The question before the Supreme Court was whether Congress’ decision in 2006 to reauthorize Section 5 of the Voting Rights Act under the pre-existing coverage formula of Section 4(b) of the Voting Rights Act exceeded its authority under the Fourteenth and Fifteenth Amendments and thus violated the Tenth Amendment and Article IV of the United States Constitution.
The ruling striking down Section 4 of the VRA by Chief Justice Roberts states:
Our decision in no way affects the permanent, nationwide ban on racial discrimination in voting found in [Section] 2. We issue no holding on [Section] 5 itself, only on the coverage formula. Congress may draft another formula based on current conditions.
UPDATE—In his concurring opinion Justice Thomas says he would strike Section 5 because the reasons given for striking Section 4 should apply to 5 also.
UPDATE 2—Here’s what Section 4(b) said:
(b) The provisions of subsection (a) shall apply in any State or in any political subdivision of a state which (1) the Attorney General determines maintained on November 1, 1964, any test or device, and with respect to which (2) the Director of the Census determines that less than 50 percentum of the persons of voting age residing therein were registered on November 1, 1964, or that less than 50 percentum of such persons voted in the presidential election of November 1964.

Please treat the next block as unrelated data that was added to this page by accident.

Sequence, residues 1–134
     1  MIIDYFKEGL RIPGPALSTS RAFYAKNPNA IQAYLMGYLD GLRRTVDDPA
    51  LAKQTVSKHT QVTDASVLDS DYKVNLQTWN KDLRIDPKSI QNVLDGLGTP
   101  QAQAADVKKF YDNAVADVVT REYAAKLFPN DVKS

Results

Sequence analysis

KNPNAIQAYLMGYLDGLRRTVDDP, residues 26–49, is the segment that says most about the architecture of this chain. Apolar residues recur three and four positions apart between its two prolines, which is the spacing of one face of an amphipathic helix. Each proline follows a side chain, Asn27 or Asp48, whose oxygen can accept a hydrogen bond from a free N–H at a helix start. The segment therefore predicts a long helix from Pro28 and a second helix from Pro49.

A determination or certification of the Attorney General or of the Director of the Census under this section or under section 6 or section 13 shall not be reviewable in any court and shall be effective upon publication in the Federal Register.
What the Court ruled was that this formula is so disconnected from present day reality that it can no longer be considered constitutional. Chief Justice John Roberts was joined by Justices Scalia, Kennedy, Thomas, and Alito. Please note that the Court did not invalidate the principle that preclearance can be required. Section 5 was not struck down, but while it survives, it will have no actual effect until Congress can pass a new law to determine which states and/or localities should be covered by it.
UPDATE 3—The opinion may be found here.